Vocal Verified—Horror Fiction

A curated selection of the best spooky stories from the Vocal community to keep you up at night.

By Vocal Curation TeamPublished 4 years ago 3 min read

It's the most wonderful time of the year. Spooky season means crunchy leaves, chilly air, and cold, dead things that ironically warm my cold, dead heart. If you had told me as a creepypasta-loving thirteen-year-old that this would be my job someday, I'd be as skeptical as a newlywed husband living in an obviously haunted house; but here I am, the head of content curation here at Vocal, and I get the opportunity to see all the wonderfully gory stories that our creators submit year round. So, as a Halloween gift to you, I've rounded up the creepiest horror fiction submitted by our creators.

Take a second to dim the lights, light a candle, and wrap a blanket tight around your shoulders. Then, when you're ready, explore the best horror fiction that the Vocal community has to offer. If you're feeling less tricks and more treats, you can leave a tip for the creator that gives you the biggest chills.

Or, if you find yourself too spooked to sleep, you can pass the long, dark night by crafting a disturbing tale of your own. If you're not already a creator, you can sign up here and join our very spooky family.

For more spine-chilling stories, you can head over to Horror, Vocal's community for all things horrifying.

Iris St. Lucy creates a gruesome play-by-play of a man of God's descent into madness.

Inspired by classic American novelists, Ana Evangeline gives a haunting glimpse inside the mind of a girl that sees art in murder.

Alexis Bellaw explores a mother's—and a daughter's—worst nightmare.

Rosie Leone writes personal stories about dealing with anxiety, so it's not surprising just how much anxiety is caused by her horrifying tale of mutilation.

Prepare to catch your breath—Melody Humby, an avid horror movie fan, creates a twist that puts Shyamalan to shame.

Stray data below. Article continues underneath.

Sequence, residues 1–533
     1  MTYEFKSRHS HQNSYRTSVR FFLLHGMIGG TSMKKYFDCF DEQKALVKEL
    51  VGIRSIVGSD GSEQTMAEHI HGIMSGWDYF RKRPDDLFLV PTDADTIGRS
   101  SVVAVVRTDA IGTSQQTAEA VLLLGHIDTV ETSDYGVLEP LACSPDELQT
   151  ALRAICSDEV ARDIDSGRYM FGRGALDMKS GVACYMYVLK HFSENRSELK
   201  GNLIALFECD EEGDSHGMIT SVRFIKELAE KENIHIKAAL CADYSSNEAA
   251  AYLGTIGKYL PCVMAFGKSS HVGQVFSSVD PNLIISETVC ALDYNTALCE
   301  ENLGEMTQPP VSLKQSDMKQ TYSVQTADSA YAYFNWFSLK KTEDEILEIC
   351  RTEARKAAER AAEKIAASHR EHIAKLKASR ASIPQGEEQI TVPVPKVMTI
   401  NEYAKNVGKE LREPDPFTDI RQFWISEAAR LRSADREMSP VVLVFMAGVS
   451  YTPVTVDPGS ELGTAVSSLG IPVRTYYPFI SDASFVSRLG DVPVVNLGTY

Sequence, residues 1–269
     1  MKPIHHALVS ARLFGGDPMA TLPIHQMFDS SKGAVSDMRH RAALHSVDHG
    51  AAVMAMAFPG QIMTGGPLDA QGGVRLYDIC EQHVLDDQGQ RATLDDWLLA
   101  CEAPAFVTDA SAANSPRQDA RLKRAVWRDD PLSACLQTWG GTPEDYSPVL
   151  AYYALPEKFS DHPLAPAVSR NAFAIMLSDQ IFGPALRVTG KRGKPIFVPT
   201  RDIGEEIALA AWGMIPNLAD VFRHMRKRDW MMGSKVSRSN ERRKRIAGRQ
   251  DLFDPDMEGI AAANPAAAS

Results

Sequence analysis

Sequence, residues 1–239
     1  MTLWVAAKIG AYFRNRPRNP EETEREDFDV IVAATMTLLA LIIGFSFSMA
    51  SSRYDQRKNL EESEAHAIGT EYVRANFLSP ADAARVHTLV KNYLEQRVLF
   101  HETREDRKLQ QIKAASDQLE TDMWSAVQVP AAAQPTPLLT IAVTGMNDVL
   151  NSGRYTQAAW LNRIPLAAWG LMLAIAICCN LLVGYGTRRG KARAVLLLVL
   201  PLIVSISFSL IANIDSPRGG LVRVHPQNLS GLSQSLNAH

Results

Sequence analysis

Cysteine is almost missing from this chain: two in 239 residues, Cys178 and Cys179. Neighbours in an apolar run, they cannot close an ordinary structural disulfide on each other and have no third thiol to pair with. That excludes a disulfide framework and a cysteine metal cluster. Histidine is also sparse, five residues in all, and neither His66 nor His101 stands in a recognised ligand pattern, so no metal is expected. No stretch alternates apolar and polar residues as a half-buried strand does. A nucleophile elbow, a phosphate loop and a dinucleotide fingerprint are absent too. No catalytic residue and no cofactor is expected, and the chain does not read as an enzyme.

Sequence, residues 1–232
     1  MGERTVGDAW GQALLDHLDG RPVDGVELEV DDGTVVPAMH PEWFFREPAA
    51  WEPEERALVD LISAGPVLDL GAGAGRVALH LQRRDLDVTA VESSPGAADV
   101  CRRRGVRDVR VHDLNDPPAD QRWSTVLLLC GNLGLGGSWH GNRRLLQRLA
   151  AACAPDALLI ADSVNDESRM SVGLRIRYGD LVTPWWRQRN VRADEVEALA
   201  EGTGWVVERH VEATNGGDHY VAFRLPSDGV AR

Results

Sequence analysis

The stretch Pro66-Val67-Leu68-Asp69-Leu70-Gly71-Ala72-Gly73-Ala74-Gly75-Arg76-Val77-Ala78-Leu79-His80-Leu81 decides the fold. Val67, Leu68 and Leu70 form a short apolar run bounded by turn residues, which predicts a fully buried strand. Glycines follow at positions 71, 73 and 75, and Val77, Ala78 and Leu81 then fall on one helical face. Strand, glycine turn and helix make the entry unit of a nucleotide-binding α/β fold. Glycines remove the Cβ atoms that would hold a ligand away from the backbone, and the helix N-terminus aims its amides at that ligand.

Melody has created too many bloody stories to choose just one. Shield your eyes for this bonus.

Horror author Denise Williams pens a haunting, hopeless story reminiscent of The Shining.

W. F. Rastell paints a horrifying picture of the ultimate workplace dispute.

Writer of books and short stories Michael J Pennington takes you to grandma's house of horrors.

In this holiday legend, creator Rhia Thurman brings "ruining your childhood" to a whole new level.

As if the Salem witch trials weren't horrifying enough, Ara Rose's account of an accused woman is both hopeless and haunting.

Urban legend and a touch of dismemberment set Chuck Gideon's Faustian folklore apart from the rest.

Honestly, Andrea Heer had me at "splatter of hot human-cream." The monster from your closet is even grosser than you imagined as a kid.

Creative writing student Leticia Collins clinically narrates from inside the brain of a Ted Bundy type.

E E Holding highlights her interest in the dark, macabre, and bizarre in this wonderfully classic ghost story.

Jay Tilden, a writer and a student of history, pulls from classic tropes of American Gothic in a tale haunted by the past in more ways than one.

Don't let the picture fool you—Janie McKnight's Scotch legend is not for the faint of heart.

Self-proclaimed storyteller-in-training Jose Gabriel tells of a husband who will go to extreme lengths for his grieving wife.

In this ghost story, Michael Bauch crafts a broken family haunted by their trauma.

Aleixa Gagnon's interest in psychological horror shows in this terrifying account of lucid dreaming gone wrong.

Perhaps the most graphic story in this roundup, Styles Parker's Peter England series is not for the faint of heart. You can find Part 2 here, if you can stomach it.

In this purportedly (almost) true story, Simon McBride crafts a narrator who sees a lot of himself in the creatures that haunt him.

Isaac Shapiro's monster of choice is a slight deviation from the classic creepy crawly, but has the same unsettling effect. You can read Part 2 here and the series' conclusion here.

Somewhere between poetry and horror fiction, C. B. Blanchard's prose is just as beautifully haunting as the picture she paints.

Copywriter and author Dan Seavers perfectly personifies the thing that is more terrifying to us than anything else: our own insignificance.


About the Creator

Vocal Curation Team

Collaborative, conscious, and committed to content. We're rounding up the best that the Vocal network has to offer.

Reader insights

Be the first to share your insights about this piece.

How does it work?

Add your insights


There are no comments for this story

Be the first to respond and start the conversation.

Sign in to comment

    Find us on social media

    Miscellaneous links

    • Explore
    • Contact
    • Privacy Policy
    • Terms of Use
    • Support

    © 2023 Creatd, Inc. All Rights Reserved.